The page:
In an effort to expand local green-space, the Schenectady County Legislature plans to expand
the Indian Preserve in the Town of Glenville by purchasing 11.82 acres adjoining the already existing 128-acre preserve. The preserve features a foot trail as well as streams and ponds for fishing, but the trail is currently blocked off as the County does not own the property. “Preserving green space, open space and recreational opportunities or our residents is one of our top priorities,” said Sara Mae Pratt, a member of the County Legislature and the County IDA/Capital Resource Corporation Board.
How COVID-19 has Affected the Community
Although Schenectady has the necessary materials to provide adequate food resources to its people, the question now becomes: has the recent COVID-19 pandemic negatively affected the Schenectady’s community’s ability to provide these resources?
A recent Times Union article described how “Hundreds of cars lined up [back in April] at Schenectady County Community College where volunteers filled trunks of vehicles with free food,” however will this food soon run out? And what other services will these food pantries now be unable to provide?
Likewise, the Schenectady Inner City Ministry Food Pantry (SiCM) has made it their mission to relate the resources of the congregations to the needs of the community by providing everyone access to healthy, nutritious food. Not only does SiCM provide a food pantry for those in need, they also provide an array of support services ranging from on-site help with Food Stamps/SNAP applications to Senior Connect Programs that introduce seniors to new food programs in an attempt to provide activities that encourage healthy food and lifestyle choices. However, now during the current COVID-19 pandemic, SiCM has had to make changes to their programs in order to remain safe, even if they came at the expense of their community members.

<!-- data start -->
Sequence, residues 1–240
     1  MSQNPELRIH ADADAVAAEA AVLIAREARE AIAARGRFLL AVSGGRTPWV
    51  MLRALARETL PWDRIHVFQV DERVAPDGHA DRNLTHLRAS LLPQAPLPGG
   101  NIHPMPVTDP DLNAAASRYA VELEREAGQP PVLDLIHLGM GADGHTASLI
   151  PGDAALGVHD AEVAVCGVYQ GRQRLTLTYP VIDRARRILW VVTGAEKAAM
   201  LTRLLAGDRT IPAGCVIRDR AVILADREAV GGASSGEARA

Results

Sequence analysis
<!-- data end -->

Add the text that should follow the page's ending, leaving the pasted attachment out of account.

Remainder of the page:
Beginning early March, SiCM was unable to provide transportation and mass distribution to those they assisted; while this may seem unproblematic to some, many of those who they assist are from less advantaged communities who relied on this transportation to receive their necessary resources. Additionally, by being unable to fulfill mass distributions, unintentionally SiCM underserved their population, leaving them at a loss.
Capital Roots: The Veggie Mobile ®, https://www.capitalroots.org/programs/veggie/veggie/.
“Food Program.” Schenectady Inner City Ministry, 22 July 2020, https://www.sicm.us/about-us/food-program/.
Nelson, Paul. “Hundreds Line up for Food Bank at Schenectady County Community College.” Time Union, Times Union, 23 April 2020. https://www.timesunion.com/news/article/Hundreds-line-up-for-food-bank-at-Schenectady-15218336.php.
“Schenectady County.” Schenectady County to Add Green Space with the Expansion of the Indian Kill Nature Preserve in the Town of Glenville | Schenectady County, https://www.schenectadycounty.com/content/schenectady-county-add-green-space-expansion-indian-kill-nature-preserve-town-glenville.
“Schenectady, New York Population 2020.” Schenectady, New York Population 2020 (Demographics, Maps, Graphs), https://worldpopulationreview.com/us-cities/schenectady-ny-population.
“Veggie RX: Prescribing Healthy Foods.” Capital Roots: VeggieRX, https://www.capitalroots.org/programs/veggierx/.